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What is a futures contract?

A futures contract is a legally binding agreement to buy or sell a standardized asset on a specific date or during a specific month. Typically, futures contracts are traded electronically on exchanges such as the CME Group, the largest futures exchange in the United States. How do futures contracts work?

Who is obligated to deliver a futures contract?

Buyers of futures contracts are obligated to take delivery of the underlying asset when the contract expires, and sellers are obligated to deliver. Some contracts require the delivery of a physical asset, while others are cash-settled. Futures track a wide range of commodities and financial assets.

Are futures regulated?

Forwards are basically unregulated, while futures contracts are regulated at the central government level. The Futures Industry Association (FIA) estimates that 6.97 billion futures contracts were traded in 2007, an increase of nearly 32% over the 2006 figure.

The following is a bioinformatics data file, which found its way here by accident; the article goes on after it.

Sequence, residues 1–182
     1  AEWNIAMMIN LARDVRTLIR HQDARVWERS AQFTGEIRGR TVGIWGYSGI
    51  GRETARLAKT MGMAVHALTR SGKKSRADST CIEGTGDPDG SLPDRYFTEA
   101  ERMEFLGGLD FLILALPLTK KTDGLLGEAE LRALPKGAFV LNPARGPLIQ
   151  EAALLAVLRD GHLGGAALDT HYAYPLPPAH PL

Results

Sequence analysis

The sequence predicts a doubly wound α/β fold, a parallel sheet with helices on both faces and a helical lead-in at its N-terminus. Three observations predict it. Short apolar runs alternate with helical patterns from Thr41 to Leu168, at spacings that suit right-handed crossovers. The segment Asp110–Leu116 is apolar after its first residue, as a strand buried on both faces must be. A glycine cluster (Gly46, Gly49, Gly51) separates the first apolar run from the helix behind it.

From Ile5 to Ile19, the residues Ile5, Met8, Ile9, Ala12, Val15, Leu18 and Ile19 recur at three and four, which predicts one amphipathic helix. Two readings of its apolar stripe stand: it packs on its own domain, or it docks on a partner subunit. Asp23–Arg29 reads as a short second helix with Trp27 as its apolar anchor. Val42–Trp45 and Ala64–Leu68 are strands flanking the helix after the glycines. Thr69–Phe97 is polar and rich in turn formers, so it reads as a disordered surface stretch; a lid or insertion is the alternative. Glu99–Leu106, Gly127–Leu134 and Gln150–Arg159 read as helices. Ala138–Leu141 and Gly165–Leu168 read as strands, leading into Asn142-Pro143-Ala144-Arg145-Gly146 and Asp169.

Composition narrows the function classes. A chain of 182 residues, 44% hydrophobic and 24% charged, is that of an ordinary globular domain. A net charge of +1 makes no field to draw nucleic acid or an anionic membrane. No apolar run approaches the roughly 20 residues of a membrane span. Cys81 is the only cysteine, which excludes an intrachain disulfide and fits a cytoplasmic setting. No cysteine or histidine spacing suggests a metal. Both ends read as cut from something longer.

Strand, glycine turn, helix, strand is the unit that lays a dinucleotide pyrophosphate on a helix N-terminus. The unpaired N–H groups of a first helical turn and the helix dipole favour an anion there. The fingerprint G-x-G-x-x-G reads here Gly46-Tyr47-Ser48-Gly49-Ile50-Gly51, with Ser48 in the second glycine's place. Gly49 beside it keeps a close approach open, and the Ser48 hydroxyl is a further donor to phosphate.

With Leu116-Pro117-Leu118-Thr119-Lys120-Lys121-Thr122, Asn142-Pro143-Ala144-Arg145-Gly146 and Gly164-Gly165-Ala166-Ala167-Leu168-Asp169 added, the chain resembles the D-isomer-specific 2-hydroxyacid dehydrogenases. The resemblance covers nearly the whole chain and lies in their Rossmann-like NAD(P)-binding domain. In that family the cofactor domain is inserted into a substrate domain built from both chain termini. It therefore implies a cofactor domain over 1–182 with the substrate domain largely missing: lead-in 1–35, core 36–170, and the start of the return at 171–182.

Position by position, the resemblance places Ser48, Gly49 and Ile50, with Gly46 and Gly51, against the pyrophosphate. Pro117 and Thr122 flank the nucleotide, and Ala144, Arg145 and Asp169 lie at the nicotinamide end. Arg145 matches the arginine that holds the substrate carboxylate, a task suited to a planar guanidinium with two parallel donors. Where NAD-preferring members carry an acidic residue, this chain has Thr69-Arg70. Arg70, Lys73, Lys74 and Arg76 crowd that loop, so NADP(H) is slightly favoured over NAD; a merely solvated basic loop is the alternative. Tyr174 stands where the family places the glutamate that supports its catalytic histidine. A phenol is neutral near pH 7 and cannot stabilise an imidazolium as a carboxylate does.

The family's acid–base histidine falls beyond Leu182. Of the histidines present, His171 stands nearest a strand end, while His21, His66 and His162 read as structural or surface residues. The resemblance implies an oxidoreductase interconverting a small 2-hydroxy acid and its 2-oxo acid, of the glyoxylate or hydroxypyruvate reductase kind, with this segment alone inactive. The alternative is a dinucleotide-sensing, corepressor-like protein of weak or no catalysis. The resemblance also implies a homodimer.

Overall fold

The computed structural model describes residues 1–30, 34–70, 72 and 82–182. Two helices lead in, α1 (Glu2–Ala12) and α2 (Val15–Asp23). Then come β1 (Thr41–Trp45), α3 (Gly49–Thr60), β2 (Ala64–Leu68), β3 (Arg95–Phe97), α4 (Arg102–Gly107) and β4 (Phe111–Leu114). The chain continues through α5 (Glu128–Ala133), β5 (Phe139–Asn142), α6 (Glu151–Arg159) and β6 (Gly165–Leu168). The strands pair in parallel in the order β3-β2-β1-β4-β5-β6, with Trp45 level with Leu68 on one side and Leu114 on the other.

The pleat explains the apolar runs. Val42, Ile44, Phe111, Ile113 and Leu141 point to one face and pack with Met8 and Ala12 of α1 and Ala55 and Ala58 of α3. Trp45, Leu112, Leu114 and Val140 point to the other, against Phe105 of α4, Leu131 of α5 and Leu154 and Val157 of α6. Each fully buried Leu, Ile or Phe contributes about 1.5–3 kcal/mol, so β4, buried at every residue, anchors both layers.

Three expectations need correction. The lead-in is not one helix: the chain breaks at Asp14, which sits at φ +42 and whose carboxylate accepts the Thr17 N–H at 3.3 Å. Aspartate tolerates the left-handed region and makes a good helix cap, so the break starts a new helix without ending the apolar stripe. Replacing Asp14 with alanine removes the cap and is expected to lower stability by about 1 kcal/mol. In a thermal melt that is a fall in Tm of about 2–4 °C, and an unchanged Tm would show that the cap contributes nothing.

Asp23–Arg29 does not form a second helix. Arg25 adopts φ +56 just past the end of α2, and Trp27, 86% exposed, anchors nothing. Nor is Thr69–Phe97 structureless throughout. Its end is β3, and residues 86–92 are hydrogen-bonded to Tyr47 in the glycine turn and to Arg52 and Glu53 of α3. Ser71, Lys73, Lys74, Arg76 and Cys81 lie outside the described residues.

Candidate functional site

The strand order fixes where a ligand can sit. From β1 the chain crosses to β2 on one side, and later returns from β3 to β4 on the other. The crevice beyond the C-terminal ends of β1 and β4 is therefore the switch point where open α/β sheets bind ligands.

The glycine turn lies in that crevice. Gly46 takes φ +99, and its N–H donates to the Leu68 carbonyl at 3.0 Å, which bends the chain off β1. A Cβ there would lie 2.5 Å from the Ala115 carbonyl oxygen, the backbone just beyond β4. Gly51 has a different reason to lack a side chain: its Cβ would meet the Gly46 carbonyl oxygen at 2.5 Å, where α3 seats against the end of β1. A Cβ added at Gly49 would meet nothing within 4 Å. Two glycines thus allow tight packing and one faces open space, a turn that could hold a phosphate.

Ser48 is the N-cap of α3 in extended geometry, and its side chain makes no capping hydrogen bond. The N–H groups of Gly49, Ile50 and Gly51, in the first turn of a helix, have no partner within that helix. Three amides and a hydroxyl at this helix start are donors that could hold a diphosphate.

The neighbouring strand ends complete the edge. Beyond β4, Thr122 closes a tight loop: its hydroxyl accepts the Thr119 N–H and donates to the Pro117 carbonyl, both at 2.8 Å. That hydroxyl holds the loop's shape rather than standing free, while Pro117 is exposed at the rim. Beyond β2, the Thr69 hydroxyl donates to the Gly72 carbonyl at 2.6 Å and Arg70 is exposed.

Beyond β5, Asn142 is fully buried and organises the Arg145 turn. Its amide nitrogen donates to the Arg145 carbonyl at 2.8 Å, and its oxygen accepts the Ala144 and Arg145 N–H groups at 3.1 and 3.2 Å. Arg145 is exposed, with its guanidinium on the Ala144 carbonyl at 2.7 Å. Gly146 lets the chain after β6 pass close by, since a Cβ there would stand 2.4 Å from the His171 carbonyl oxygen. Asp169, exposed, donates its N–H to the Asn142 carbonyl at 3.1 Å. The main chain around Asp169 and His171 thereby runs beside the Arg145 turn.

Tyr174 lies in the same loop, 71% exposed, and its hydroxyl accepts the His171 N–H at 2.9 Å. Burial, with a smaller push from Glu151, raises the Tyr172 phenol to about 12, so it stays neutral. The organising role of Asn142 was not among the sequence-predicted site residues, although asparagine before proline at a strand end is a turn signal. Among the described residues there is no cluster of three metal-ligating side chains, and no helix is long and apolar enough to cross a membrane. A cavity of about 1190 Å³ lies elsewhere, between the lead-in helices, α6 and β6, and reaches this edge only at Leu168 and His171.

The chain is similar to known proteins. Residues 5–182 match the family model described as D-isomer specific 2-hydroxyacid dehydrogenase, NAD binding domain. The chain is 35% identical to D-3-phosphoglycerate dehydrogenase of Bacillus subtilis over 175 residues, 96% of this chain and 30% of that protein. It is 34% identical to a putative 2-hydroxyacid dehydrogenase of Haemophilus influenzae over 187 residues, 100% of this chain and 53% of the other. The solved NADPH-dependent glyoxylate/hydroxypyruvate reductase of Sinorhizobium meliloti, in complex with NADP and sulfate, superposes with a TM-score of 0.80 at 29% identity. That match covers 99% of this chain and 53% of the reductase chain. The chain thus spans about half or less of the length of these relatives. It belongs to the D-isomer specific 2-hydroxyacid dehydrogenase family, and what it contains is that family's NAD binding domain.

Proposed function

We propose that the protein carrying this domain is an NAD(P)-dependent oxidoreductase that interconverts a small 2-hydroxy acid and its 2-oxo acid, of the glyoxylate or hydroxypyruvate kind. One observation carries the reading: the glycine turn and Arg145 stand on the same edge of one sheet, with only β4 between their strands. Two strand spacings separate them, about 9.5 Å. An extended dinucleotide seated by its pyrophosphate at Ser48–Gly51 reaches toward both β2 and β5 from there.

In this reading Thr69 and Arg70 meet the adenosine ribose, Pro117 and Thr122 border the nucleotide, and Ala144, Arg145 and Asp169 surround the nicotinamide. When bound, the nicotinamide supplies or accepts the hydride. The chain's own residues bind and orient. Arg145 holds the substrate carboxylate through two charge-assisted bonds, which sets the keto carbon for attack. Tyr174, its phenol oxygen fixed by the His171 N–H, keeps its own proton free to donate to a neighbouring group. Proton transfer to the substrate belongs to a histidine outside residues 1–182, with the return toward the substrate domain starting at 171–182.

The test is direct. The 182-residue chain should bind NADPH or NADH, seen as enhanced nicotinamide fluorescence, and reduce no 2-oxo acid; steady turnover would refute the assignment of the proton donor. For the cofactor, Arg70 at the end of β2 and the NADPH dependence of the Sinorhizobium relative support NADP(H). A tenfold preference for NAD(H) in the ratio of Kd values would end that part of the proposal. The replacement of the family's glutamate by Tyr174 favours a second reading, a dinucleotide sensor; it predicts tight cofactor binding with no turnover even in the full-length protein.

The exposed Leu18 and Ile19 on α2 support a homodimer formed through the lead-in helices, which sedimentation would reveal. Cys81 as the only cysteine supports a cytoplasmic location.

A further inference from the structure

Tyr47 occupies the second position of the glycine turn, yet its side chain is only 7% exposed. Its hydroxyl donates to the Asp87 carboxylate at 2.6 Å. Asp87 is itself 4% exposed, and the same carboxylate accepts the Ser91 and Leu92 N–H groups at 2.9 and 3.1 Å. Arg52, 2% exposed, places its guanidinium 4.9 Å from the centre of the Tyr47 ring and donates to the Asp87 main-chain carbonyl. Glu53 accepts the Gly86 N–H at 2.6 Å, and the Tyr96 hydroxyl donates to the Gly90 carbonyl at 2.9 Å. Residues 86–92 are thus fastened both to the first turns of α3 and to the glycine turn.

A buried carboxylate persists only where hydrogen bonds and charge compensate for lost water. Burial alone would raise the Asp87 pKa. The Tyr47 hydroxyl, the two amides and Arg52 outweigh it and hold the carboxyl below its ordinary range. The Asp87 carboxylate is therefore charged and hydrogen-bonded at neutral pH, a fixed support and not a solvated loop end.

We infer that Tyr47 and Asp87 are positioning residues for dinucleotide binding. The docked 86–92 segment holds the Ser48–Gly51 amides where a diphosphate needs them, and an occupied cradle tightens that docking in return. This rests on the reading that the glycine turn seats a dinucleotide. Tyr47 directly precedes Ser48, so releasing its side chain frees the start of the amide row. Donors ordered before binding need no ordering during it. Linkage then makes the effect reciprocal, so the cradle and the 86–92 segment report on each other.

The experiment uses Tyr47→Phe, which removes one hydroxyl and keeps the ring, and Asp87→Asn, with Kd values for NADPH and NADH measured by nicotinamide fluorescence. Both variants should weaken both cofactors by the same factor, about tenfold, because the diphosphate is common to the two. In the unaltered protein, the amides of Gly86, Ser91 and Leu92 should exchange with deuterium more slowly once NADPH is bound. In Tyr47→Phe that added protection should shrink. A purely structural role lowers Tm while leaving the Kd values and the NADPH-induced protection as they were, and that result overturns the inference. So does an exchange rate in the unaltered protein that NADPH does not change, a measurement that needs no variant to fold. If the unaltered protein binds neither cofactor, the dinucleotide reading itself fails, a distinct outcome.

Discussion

What types of people trade futures contracts?

There are two types of people who trade (buy or sell) futures contracts: hedgers and speculators. These are businesses or individuals that use futures contracts for protection against volatile price movements in the underlying commodity. A good example to illustrate hedging would be a corn farmer and a corn canner.

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